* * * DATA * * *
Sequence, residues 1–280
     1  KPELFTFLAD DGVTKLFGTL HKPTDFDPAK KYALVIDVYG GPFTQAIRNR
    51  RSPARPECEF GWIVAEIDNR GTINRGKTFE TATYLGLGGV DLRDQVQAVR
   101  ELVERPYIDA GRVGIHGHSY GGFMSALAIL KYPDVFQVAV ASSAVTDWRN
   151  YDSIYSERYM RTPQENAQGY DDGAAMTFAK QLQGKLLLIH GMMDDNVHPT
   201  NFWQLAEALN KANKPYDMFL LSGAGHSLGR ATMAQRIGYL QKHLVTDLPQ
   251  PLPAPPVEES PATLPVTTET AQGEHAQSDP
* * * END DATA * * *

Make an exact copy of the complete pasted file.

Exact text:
Sequence, residues 1–280
     1  KPELFTFLAD DGVTKLFGTL HKPTDFDPAK KYALVIDVYG GPFTQAIRNR
    51  RSPARPECEF GWIVAEIDNR GTINRGKTFE TATYLGLGGV DLRDQVQAVR
   101  ELVERPYIDA GRVGIHGHSY GGFMSALAIL KYPDVFQVAV ASSAVTDWRN
   151  YDSIYSERYM RTPQENAQGY DDGAAMTFAK QLQGKLLLIH GMMDDNVHPT
   201  NFWQLAEALN KANKPYDMFL LSGAGHSLGR ATMAQRIGYL QKHLVTDLPQ
   251  PLPAPPVEES PATLPVTTET AQGEHAQSDP